American Indian men; relationship type; condom use intention; sexually transmitted infections


Community Health and Preventive Medicine | Public Health | Social and Behavioral Sciences


The purpose of this study was to investigate the heterosexual relationship factors that were associated with condom use intention for STI prevention in a purposive sample of American Indian men. The sample was drawn from the Fort Peck Reservations in northeastern Montana. The sample size included 122 American Indian men ages 18 to 24. The theory of planned behavior and interdependence theory provided the theoretical basis for the study. Seventy- seven percent of the young men reported being in a steady relationship with 60.3% agreeing that they were committed to maintaining their relationship with their current partner. Relationship duration and type and control of condom use was significantly associated with condom use intention for STI prevention. In addition control of condom use and relationship commitment was significantly associated with condom use communication. Regression results suggest that relationship duration, moderate or high participation in condom use decision making and female control of condom use are positively associated with moderately or extremely likely use of condoms in the future. The results from this study suggest that American Indian men are in need of culturally relevant sexual risk prevention efforts that address relationship factors to help reduce STIs in this population.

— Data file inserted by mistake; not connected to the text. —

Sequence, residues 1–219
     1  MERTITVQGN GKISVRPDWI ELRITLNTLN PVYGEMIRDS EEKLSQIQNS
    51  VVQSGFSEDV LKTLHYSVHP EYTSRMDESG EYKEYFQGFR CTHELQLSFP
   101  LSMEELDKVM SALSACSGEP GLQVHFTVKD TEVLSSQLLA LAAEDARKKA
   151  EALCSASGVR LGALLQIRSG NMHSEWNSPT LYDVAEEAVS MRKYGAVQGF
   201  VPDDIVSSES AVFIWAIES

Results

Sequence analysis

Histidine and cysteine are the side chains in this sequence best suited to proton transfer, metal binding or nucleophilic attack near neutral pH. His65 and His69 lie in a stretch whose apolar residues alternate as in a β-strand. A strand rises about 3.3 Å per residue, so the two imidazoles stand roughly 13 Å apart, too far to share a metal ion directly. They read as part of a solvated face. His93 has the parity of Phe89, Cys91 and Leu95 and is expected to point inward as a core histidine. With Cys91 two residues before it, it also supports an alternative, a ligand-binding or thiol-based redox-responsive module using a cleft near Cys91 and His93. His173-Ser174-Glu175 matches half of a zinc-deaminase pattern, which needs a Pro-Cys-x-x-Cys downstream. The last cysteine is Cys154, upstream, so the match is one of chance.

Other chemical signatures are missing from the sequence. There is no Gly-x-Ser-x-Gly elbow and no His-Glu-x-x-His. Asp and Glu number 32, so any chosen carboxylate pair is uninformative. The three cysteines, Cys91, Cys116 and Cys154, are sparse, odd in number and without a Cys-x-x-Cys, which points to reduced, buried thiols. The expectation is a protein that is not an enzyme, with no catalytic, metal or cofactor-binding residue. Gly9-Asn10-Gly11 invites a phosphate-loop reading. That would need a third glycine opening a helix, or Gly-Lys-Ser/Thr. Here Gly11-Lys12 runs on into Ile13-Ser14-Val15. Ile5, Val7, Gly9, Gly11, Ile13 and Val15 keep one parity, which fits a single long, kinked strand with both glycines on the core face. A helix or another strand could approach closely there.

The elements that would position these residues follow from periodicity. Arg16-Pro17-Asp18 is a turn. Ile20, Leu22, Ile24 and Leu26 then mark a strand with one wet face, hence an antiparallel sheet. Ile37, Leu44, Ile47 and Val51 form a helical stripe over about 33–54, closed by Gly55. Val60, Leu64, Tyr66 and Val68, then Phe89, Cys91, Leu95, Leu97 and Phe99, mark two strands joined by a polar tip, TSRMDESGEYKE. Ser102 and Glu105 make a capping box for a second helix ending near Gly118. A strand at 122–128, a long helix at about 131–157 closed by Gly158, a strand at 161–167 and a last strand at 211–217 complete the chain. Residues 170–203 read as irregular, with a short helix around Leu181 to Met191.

Montana State University IRB, Fort Peck Tribal Council, Indian Health Services - Billings